Let's say I want to do some test VIA ssh


ssh 2>/dev/null "smartctl -a /dev/sdb -q silent"

echo $?

in that case we get exit code 1

How to know if the problem is about ssh or about the smartctl command ?


The determination is difficult as many processes all use the same value.

% ssh 2>/dev/null localhost 'exit 255' ; echo $?
% ssh 2>/dev/null nopelocalhost 'exit 0' ; echo $?

With a heuristic you could guess which code is from which program based on commonly used exit codes; this would be mostly right, unless the programs involved overlap or something unexpected happens. Standard error may or may not be available and the exit code may change depending on how the program exits:

% ssh localhost ./segfault ; echo $?
% ./segfault ; echo $?
zsh: bus error  ./segfault

Thus it is not so reliable to guess at where $? came from. Instead, a better option may be to design a protocol that communicates more information than provided by the exit status word; examples would include Nagios or Ansible that communicate more than just $? when determining how a remote command ran. This could be as simple as a line of text that depends on how smartctl ran (or segfaulted, or ...) or something more complicated like a JSON structure with the standard out, err, exit status word, and other such metadata. So instead of running smartctl directly, you would instead call the wrapper program that runs smartctl and parses its output, and on the other side of ssh you would collect that output; if the output is not available, then something went wrong with the ssh, or with your wrapper program.


From manpages:

     ssh exits with the exit status of the remote command or with 255 if an error occurred.

If an error occured with ssh command it will return 255, otherwise it returns exit status of remote command.


$ ssh root@not.exists
ssh: Could not resolve hostname not.exists: Name or service not known
$ echo $?

In your case 1 is exit status of smartctl command, not ssh


smartctl exit statuses:

       The  exit  statuses  of  smartctl  are  defined by a bitmask.  If all is well with the disk, the exit status (return value) of smartctl is 0 (all bits turned off).  If a problem occurs, or an error,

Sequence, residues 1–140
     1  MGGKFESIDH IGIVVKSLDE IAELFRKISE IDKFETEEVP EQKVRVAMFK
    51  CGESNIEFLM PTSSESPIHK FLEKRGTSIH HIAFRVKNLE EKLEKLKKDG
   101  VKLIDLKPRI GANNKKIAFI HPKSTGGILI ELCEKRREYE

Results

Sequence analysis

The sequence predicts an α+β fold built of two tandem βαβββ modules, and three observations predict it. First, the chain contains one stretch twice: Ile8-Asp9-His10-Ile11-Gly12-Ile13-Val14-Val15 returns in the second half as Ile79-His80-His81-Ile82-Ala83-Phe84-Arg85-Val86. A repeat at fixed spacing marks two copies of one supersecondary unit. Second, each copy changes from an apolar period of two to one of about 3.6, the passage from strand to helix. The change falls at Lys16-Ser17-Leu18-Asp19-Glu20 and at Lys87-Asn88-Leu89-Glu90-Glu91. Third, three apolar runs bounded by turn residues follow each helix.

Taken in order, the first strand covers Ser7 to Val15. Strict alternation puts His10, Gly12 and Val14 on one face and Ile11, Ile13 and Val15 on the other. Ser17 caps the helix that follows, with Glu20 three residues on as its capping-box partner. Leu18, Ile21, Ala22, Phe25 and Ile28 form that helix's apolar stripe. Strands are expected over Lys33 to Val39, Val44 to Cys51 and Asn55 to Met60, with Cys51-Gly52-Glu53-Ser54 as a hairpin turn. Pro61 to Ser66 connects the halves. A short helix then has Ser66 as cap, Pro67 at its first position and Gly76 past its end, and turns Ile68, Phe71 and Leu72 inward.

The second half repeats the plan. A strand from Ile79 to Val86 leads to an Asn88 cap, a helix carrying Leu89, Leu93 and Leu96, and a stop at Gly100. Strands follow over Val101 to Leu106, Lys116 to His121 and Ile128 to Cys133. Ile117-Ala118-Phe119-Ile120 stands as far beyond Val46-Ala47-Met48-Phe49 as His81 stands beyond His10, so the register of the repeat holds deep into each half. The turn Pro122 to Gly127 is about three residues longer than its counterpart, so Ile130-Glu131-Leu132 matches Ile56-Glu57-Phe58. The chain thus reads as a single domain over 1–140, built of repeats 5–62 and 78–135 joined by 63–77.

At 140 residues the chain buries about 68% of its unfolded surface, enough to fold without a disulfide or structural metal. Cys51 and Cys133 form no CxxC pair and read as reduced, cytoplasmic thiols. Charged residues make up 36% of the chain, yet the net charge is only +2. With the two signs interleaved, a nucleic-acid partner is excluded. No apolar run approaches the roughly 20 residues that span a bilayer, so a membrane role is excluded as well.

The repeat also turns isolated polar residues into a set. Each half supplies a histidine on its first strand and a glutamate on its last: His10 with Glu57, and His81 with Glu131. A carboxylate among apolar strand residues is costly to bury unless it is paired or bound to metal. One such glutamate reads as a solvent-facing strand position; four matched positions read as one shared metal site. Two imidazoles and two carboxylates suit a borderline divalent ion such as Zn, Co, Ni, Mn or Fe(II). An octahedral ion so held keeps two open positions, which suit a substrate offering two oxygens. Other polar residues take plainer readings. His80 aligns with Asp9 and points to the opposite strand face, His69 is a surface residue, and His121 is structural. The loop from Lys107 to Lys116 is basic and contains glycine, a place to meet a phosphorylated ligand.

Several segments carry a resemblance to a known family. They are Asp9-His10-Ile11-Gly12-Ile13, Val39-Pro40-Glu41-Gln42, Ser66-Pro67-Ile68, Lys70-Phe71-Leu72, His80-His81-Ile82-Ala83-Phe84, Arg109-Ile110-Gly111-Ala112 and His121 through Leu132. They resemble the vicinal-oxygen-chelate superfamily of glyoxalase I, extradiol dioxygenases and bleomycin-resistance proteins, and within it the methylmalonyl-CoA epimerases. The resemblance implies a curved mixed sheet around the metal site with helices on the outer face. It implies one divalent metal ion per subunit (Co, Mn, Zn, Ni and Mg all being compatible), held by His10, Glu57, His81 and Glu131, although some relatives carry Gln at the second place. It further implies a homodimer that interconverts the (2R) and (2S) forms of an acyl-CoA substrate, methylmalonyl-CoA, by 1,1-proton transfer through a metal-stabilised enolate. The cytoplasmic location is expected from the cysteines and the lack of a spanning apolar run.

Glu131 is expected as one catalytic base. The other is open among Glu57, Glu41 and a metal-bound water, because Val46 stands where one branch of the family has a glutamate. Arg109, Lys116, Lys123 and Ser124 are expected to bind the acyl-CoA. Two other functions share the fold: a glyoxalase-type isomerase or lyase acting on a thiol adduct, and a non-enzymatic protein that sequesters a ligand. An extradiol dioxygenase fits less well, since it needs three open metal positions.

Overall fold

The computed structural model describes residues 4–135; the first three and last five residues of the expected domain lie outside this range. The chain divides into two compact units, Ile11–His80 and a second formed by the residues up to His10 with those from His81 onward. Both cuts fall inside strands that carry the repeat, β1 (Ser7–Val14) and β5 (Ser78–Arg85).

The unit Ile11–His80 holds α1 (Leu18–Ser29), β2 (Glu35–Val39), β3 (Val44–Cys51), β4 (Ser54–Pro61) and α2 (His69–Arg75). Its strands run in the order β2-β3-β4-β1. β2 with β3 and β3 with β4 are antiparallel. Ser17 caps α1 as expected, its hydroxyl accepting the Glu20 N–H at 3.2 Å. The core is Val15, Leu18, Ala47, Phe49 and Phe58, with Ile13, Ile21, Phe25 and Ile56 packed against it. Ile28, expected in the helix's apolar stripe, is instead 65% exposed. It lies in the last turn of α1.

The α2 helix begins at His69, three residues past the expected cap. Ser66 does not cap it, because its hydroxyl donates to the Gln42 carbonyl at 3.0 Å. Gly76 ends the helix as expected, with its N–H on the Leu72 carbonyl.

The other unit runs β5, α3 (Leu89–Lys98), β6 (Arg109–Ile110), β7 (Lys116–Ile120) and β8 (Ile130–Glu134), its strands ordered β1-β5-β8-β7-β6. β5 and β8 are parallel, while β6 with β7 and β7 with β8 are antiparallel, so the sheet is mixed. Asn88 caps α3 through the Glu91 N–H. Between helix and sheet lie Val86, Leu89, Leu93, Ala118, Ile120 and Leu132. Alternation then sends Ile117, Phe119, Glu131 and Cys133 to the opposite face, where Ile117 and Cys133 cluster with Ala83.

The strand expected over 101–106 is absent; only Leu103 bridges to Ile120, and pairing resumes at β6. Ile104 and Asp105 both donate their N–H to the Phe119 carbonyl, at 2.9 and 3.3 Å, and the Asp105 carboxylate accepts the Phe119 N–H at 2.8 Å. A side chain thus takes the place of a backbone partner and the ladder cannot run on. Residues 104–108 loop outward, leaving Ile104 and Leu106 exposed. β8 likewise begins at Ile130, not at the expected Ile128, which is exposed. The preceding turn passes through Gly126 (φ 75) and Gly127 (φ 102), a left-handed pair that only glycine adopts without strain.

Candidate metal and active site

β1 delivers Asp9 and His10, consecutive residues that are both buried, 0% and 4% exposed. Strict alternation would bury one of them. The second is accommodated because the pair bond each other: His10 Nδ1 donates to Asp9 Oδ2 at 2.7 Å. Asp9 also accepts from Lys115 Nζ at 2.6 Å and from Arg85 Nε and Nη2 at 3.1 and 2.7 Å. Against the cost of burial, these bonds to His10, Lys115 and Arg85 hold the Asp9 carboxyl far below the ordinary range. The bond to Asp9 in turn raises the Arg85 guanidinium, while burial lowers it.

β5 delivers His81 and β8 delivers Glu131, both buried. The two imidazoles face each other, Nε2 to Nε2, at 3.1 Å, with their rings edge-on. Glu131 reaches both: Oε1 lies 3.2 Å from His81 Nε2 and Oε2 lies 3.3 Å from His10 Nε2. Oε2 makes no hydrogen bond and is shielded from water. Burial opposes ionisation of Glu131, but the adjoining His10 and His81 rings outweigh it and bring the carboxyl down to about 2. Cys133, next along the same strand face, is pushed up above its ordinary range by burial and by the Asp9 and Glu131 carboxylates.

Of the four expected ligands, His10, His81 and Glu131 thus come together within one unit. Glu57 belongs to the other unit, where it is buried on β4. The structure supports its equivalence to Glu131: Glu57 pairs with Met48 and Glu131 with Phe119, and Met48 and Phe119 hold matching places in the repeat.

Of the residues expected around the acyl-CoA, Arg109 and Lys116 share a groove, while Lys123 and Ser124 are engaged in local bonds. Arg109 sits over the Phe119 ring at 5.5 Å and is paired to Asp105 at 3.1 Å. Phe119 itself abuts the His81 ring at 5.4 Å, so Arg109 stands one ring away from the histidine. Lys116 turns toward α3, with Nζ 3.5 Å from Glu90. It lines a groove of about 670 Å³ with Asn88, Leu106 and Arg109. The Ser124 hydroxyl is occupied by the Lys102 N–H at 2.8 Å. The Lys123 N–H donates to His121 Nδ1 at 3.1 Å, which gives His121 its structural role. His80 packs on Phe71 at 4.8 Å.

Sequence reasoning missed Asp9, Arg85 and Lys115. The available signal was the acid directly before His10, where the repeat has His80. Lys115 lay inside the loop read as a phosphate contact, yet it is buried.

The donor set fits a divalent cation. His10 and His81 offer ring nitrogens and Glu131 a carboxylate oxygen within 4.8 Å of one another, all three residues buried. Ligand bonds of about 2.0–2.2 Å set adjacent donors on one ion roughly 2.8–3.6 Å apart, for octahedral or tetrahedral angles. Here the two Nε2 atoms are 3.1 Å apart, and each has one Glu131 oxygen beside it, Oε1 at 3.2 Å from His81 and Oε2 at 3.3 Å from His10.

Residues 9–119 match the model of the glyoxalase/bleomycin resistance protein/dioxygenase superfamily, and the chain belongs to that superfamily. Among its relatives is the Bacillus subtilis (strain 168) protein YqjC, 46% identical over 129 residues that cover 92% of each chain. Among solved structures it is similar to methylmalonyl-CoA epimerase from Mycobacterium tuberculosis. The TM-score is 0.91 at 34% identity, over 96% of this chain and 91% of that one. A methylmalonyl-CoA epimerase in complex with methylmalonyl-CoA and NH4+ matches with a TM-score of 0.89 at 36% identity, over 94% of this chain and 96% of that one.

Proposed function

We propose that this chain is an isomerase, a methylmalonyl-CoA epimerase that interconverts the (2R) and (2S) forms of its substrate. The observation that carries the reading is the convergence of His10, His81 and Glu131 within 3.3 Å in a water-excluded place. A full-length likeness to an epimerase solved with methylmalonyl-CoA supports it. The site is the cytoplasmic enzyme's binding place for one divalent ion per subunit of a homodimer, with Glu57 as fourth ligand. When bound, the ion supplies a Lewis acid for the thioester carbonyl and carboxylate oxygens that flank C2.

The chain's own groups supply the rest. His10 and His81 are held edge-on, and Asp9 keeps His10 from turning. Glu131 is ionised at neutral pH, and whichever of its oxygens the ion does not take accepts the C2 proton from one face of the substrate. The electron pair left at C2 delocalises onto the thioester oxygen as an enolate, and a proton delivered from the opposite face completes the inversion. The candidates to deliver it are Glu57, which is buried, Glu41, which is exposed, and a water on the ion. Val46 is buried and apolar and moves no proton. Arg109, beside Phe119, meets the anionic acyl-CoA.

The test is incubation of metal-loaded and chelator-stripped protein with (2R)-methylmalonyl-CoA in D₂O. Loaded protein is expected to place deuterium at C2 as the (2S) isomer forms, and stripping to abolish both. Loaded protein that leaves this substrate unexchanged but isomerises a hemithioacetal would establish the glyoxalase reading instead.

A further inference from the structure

potential error, or fault is detected, then a non-zero status is returned.  In this case, the eight different bits in the exit status have the following meanings for ATA disks; some of these  values
       may also be returned for SCSI disks.

       Bit 0: Command line did not parse.

       Bit 1: Device open failed, device did not return an IDENTIFY DEVICE structure, or device is in a low-power mode (see '-n' option above).

       Bit 2: Some SMART or other ATA command to the disk failed, or there was a checksum error in a SMART data structure (see '-b' option above).

       Bit 3: SMART status check returned "DISK FAILING".

       Bit 4: We found prefail Attributes <= threshold.

       Bit 5: SMART status check returned "DISK OK" but we found that some (usage or prefail) Attributes have been <= threshold at some time in the past.

       Bit 6: The device error log contains records of errors.

       Bit 7: The device self-test log contains records of errors.  [ATA only] Failed self-tests outdated by a newer successful extended self-test are ignored.

exit status 1 on smartctl would mean bit 0 is on, since 1=2^0, so that command line didn't parse

  • as you can see we put 2>/dev/null after the ssh , to do silent mode – yael Nov 22 '18 at 12:45
  • 2
    @Yael 2> redirects stderr, not the exit status. – ctrl-alt-delor Nov 22 '18 at 12:50
  • 2
    that doen't supress exit status, just redirects error from terminal to /dev/null – rAlen Nov 22 '18 at 12:50
  • @Yael why don't you run some tests. Run true, false remotely, run ssh with error in arguments. – ctrl-alt-delor Nov 22 '18 at 12:52
  • not answered on my question ! , how to know if the problem is with ssh or with remote command ? – yael Nov 22 '18 at 13:04

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